Tolkien, The Lord of the Rings:
Sam said nothing. The look on Frodo’s face was enough for him; he knew that words of his were useless. And after all he never had any real hope in the affair from the beginning; but being a cheerful hobbit he had not needed hope, as long as despair could be postponed.
Gilbert Seldes, The Stammering Century:
But it is almost impossible to believe that the wholly undisciplined followers of New Thought could understand or seriously practice the discipline of Yoga. […] For the most part, those who practiced it had not the faintest intention of giving up the world. Yoga was for them a mystic way of renouncing whatever was irritating and preserving whatever was pleasing. It was an elaborate game of pretense by which noisy people went into silence and distracted people imagined they were concentrating. The glamour of renunciation suffused the picture which they had of themselves. Actually nothing was renounced and whatever was desired was lifted to a transcendantal plane where it could be enjoyed a hundred-fold. No doubt the delusion was as effective as the actuality might have been. One fancies oneself becoming ageless and deathless, and full of perfection, sinking into eternal nothingness. And if, in fact, one was only resting a little and sinking into a perfumed bath the result was about the same. For Yoga had given a reason beyond reason. It had, in a strange way, transfigured the commonplaces of life. One was lifted successively to higher and higher planes of being, not knowing exactly where they were, but vaguely satisfied because they were higher. The little irritations of the world fell away. One was alone with the mysterious spirit and, breathing in a refined way, one returned to conquer the world.
John Holt, Whole Earth Epilog (1974) (via):
A society of large tools cannot be democratic, egalitarian, socialistic, humane, and just. It must be hierarchical, exploitative, bureaucratic, and authoritarian. If the day comes when all of humanity’s wants can be supplied by a few giant tools, the people who tend them will rule the world.
Toni Morrison (via):
We have to stop loving our horror stories. Joyce’s Ulysses was rejected fourteen times. I don’t like that story; I hate it. Fitzgerald burned out and could not work. Hemingway despaired and could not work. A went mad, B died in penury, C drank herself to death, D was blacklisted, E committed suicide. I hate those stories. Great works are written in prisons and holding camps. So are stupid books. The misery does not validate the work. It outrages the sensibilities and violates the work.
Thomas Pynchon, Gravity’s Rainbow:
In one of these streets, in the morning fog, plastered over two slippery cobblestones, is a scrap of newspaper headline, with a wirephoto of a giant white cock, dangling in the sky straight downward out of a white pubic bush. The letters
appear above with the logo of some occupation newspaper, a grinning glamour girl riding astraddle the cannon of a tank, steel penis with slotted serpent head, 3rd Armored treads ’n’ triangle on a sweater rippling across her tits. The white image has the same coherence, the hey-lookit-me smugness, as the Cross does. It is not only a sudden white genital onset in the sky — it is also, perhaps, a Tree…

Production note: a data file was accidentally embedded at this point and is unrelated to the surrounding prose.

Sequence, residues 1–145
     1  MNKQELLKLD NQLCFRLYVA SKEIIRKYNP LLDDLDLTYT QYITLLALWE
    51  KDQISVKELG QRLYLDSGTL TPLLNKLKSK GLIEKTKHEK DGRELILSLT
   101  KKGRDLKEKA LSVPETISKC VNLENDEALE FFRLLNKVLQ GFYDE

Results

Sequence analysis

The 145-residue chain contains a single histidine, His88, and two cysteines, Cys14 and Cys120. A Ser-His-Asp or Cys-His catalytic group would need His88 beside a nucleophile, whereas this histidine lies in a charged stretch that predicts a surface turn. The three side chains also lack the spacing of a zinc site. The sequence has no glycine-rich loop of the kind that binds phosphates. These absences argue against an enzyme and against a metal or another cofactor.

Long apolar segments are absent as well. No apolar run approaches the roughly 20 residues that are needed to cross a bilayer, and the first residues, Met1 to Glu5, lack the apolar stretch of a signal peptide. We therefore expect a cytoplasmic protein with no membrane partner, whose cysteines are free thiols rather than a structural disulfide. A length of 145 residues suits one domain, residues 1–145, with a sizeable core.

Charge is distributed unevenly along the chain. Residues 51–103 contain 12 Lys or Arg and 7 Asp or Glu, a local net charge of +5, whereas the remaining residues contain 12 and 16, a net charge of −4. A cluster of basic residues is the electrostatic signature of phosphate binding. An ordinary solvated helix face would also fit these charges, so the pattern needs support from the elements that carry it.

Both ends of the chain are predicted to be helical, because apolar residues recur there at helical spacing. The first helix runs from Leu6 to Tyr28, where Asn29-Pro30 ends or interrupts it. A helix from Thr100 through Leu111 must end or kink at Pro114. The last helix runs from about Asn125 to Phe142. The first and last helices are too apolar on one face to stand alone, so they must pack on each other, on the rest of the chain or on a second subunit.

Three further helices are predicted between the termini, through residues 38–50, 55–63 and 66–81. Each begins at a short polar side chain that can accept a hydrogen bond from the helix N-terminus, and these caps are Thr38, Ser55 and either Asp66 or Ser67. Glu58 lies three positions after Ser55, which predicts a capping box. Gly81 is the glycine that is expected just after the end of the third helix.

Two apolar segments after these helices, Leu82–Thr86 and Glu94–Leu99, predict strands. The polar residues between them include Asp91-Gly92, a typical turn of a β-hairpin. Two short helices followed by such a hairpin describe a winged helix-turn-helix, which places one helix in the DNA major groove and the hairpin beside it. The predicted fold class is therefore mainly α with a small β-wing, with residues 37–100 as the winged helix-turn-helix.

Walter Ong, Orality & Literacy:
To say writing is artificial is not to condemn it but to praise it. Like other artificial creations and indeed more than any other, it is utterly invaluable and indeed essential for the realization of fuller, interior, human potentials. Technologies are not mere exterior aids but also interior transformations of consciousness…. Writing heightens consciousness. Alienation from a natural milieu can be good for us and indeed is in many ways essential for full human life. To live and understand fully, we need not only proximity but also distance. This writing provides for consciousness as nothing else does.
Nietzsche, The Gay Science:
…But what I have in view will now be understood, namely, that it is always a metaphysical belief on which our belief in science rests,— and that even we knowing ones of today, the godless and anti-metaphysical, still take our fire from the conflagration kindled by a belief a millennium old, the Christian belief, which was also the belief of Plato, that God is truth, that the truth is divine… But what if this itself always becomes more untrustworthy, what if nothing any longer proves itself divine, except it be error, blindness, and falsehood;— what if God himself turns out to be our most persistent lie?
Barbara Tuchman, Practicing History:
…I take notes on four-by-six index cards, reminding myself about once an hour of a rule I read long ago in a research manual, “Never write on the back of anything.” Since copying is a chore and a bore, use of the cards, the smaller the better, forces one to extract the strictly relevant, to distill from the very beginning, to pass the material through the grinder of one’s own mind, so to speak. Eventually, as the cards fall into groups according to subject or person or chronological sequence, the pattern of my story will emerge. Besides, they are convenient, as they can be filed in a shoe box and carried around in a pocketbook. When ready to write I need only to take along a packet of them, representing a chapter, and I am equipped to work anywhere; whereas if one writes surrounded by a pile of books, one is tied to a single place, and furthermore likely to be too much influenced by other authors.
PSA: I’ve recently added a few more “old” posts to this blog with their original publication dates: